What do you consider professional dress?

My main reason for adopting literature as a profession was that, as the author is never seen by his clients, he need not dress respectably.
• George Bernard Shaw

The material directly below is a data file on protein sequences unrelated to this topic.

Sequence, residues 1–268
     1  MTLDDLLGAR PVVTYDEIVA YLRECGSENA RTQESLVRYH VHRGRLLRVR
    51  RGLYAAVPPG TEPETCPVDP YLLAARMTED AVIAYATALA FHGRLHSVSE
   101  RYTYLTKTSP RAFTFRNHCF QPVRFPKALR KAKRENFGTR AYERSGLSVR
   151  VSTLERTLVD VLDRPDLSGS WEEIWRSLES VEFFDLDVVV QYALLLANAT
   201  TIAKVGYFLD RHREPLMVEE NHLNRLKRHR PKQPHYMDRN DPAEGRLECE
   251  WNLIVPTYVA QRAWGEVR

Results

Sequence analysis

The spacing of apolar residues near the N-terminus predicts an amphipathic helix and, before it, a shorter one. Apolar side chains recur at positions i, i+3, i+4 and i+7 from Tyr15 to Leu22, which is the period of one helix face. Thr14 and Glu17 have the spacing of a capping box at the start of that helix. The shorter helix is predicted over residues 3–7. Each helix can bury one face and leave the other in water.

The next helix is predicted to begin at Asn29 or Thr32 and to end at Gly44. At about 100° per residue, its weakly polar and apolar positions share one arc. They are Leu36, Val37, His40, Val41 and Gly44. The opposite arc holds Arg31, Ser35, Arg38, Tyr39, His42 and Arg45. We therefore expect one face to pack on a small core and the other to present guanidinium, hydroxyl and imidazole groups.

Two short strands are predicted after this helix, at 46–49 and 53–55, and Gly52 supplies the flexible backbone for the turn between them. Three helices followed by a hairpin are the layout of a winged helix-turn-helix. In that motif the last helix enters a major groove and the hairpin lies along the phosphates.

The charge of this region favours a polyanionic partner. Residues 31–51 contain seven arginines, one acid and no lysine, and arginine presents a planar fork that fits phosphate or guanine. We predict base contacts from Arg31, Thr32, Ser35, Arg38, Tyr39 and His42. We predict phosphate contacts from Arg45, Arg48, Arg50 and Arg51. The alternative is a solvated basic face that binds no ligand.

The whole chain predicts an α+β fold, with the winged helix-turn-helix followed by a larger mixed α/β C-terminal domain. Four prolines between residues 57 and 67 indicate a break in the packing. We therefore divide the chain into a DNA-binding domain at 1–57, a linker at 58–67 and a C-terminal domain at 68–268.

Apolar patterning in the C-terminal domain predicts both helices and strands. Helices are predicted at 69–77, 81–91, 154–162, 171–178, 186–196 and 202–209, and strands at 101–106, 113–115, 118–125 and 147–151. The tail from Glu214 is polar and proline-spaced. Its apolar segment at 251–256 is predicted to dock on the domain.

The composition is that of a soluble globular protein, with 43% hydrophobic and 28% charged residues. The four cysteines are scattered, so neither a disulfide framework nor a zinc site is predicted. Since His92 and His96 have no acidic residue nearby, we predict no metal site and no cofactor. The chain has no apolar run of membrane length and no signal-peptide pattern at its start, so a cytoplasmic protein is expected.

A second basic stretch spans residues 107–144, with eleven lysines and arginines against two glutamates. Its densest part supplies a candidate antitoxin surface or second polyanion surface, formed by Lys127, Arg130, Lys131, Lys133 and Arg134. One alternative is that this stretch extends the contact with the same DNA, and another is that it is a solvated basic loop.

1. I consider “professional dress” to be a variety of things. As for the clothes, I agree that a thong showing when you bend over definitely shows the wrong message. As I am a Kindergarten teacher, I am quite sure that within five minutes of class I would have five different students let me know that I had a string in my butt! I feel that any kind of revealing or tight clothing is definitely not appropriate. A nice sweater, long sleeve shirt, or dressy shirt is good. Followed by nice dress pants or skirt (if desired). I don’t feel the need to wear skirts or dresses to be “professional”, as I spend a lot of my time sitting “criss cross applesauce” with the kids or kneeling down to tie shoelaces. Flip flops or regular laced shoes are not professional. At my school, we do practice the Friday casual dress day. On those days, many of us wear jeans (which feels so good). I always make sure to still wear a nice shirt and shoes to dress it up a bit. I do not feel that there is any harm in this. One additional thing that I feel is important is to wear no (or very little) perfume as this can be very distracting and to be conservative with makeup. The kids notice every little detail about my hair, jewelry and clothes which constantly surprises and amuses me. It is a great reminder to stay professional!